From the Border…

It was only 335 miles – piece of cake – from the Arizona/New Mexico border to Tucumcari, our stop for the night. Driving it would be fun – something I could do in my sleep. Only I learned a valuable lesson – never, ever use the words I could do it in my sleep in the same sentence as driving.

20160728_182724_resizedIt was late afternoon when I took over the wheel from my husband. Both of us were exhausted from difficult days prior to this trip. I thought I could easily take the strain of this leg away from my husband. After the sun dipped low in the sky and eventually disappeared, I was beyond my comfort zone.

That’s when the name calling started…

Not from my husband, but from that well deep inside of me where my cruel self-talk resides. Idiot! What makes you think you are a good enough driver to drive all this way in the dark? You are so stupid!

Anytime I make mistakes or bad decisions, these thoughts spring forth. Part of it is impatience with myself; part of it is the knowledge I should have known better. No matter what, though, this name calling hurts! Instead of thinking positive and encouraging thoughts, I find the ugly part of me that has wiggled so deep inside it now feels part of me. I wound myself all over again.

That night, when I pulled into our motel’s parking lot, I momentarily placed my head on the steering wheel and lifted up a prayer to God. Thank You for getting us through. Thank You for keeping us safe. Thank You for keeping me on the road!

Even a strong prayer of Thanksgiving doesn’t negate all that brutal self-talk. Does it come as naturally to you as it does to me? We punish ourselves with contempt if we think we haven’t accomplished what we should, didn’t show kindness to others, or my favorite: couldn’t keep up with the dust, disorder and dirt in the house.

How we talk to ourselves matters.

When I approach God, this crouching attitude of derision often follows me. I am constantly apologizing for my stupidity, my pride, my laziness, my mistakes. I get so bogged down in these words of shame and disrespect sometimes I think God believes them, also.

With my head on the steering wheel, He whispered to me, “You are called my delight.” The warmth enveloping me as I slipped out of the car to register was palpable. His delight! No way! The next day, I looked up delight on Biblegateway. What He said in the 8th century BC is still as pertinent today. “No longer will you be called deserted. (or reckless or stupid or dumb) Instead, you will be called My delight is in her.” (Isaiah 62:4)

Before I fell asleep, those same negative thoughts invaded my sleep. It is so easy to punish ourselves when we are disappointed in our own behavior. It becomes so natural, we forget to stop it. Sadly, we begin to think we deserve it.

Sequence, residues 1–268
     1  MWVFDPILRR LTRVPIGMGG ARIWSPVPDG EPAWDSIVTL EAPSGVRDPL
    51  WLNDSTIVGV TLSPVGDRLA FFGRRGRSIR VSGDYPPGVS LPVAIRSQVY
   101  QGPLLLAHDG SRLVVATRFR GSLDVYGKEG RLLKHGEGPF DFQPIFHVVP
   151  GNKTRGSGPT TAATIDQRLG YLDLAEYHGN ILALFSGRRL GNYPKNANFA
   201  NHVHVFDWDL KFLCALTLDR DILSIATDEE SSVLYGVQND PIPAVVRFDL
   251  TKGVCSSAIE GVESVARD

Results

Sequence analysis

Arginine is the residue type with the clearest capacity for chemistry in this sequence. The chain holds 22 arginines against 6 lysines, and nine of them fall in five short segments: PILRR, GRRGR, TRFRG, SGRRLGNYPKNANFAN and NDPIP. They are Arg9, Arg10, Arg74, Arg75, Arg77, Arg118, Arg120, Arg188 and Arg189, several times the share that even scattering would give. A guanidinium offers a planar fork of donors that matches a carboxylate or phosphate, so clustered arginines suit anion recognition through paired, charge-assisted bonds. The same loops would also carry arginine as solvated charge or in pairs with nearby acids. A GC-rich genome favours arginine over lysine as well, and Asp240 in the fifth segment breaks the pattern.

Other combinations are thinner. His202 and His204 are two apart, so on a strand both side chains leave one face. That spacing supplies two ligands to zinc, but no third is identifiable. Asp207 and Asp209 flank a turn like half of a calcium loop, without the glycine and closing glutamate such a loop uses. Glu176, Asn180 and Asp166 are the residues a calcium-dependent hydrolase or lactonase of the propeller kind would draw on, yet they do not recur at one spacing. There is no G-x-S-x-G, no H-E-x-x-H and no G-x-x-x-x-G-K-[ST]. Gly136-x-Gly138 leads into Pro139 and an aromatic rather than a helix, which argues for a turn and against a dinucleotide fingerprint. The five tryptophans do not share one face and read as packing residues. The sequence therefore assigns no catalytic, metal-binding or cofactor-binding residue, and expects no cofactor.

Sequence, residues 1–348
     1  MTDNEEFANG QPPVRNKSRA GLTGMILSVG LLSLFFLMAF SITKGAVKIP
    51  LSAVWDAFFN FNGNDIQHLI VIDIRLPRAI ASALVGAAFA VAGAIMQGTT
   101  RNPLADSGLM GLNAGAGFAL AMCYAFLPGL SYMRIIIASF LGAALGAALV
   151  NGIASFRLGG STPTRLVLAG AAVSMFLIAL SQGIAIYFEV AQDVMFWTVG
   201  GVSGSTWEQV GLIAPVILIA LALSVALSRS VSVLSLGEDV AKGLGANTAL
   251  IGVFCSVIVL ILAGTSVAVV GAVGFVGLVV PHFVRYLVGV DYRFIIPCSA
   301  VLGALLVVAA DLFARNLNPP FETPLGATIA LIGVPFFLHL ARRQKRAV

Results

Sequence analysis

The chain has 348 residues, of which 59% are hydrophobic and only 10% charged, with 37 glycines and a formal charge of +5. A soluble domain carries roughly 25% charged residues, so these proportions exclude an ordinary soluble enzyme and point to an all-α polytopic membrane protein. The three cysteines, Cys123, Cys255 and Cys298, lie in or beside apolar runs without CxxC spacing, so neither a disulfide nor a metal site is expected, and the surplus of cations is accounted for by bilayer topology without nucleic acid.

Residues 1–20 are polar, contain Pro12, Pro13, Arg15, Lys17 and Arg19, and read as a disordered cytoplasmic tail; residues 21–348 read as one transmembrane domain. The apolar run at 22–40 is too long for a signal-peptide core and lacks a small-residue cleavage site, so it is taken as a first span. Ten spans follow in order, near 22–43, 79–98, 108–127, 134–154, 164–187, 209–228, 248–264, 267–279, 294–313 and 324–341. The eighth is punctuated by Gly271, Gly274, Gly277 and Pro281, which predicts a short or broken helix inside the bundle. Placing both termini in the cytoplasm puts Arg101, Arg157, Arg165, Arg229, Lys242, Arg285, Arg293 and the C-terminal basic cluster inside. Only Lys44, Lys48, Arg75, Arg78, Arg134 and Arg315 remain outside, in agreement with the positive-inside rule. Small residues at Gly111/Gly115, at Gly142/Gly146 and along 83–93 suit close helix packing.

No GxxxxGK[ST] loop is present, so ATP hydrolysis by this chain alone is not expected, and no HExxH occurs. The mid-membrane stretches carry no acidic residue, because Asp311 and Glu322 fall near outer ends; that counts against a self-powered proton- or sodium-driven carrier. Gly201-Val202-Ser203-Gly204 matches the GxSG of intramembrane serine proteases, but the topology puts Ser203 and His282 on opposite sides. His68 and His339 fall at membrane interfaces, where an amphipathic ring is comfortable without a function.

If God calls us His Delight, what business do we have of correcting him with our negative self-talk? We are loved by a God who called us Delight and never Disappointment. As a child of God, it is my birthright to call myself His Delight.

I slept soundly despite the difficult, tiring day. God brought me from the border of disappointment in myself to delighting in Him. No matter what I say about myself, He has the final word. And his ultimate, everlasting word is: My delight is in her.

A Father to the Fatherless

Every night, he’d quietly creep into my bedroom. As a restless child when I was awake, I was also one when I slept. So before he went to sleep, my father noiselessly checked in on me, once more pulling the covers I kicked off over me and kissing me tenderly on my cheek.  It wasn’t a big thing and quite honestly, I probably wouldn’t have even known this was his habit except my mother told me. This small gesture, though, was just like my dad. He listened when I was angry, kissed my boo-boos when I hurt myself, taught me his love of reading, shared his excitement of travel, complimented me when I needed encouragement – in general, he had mastered the art of making everything better.

family pictures031-1Today, Father’s Day 2016, would have been my Dad’s 93th birthday. Unfortunately, he passed away suddenly 44 years ago, when I was just a teenager. Sometimes my grief is so fresh, it feels like he died yesterday and not over 40 years ago. I miss his ability to see the best in me in any situation. I miss the hope he shared about my future. Mostly I miss his talent for always having the right words to heal my broken heart. I remember his encouraging words when self-doubt creeps in the midst of my tragedies, self-doubt and personal failures. His character, love and compassion are imprinted into my DNA.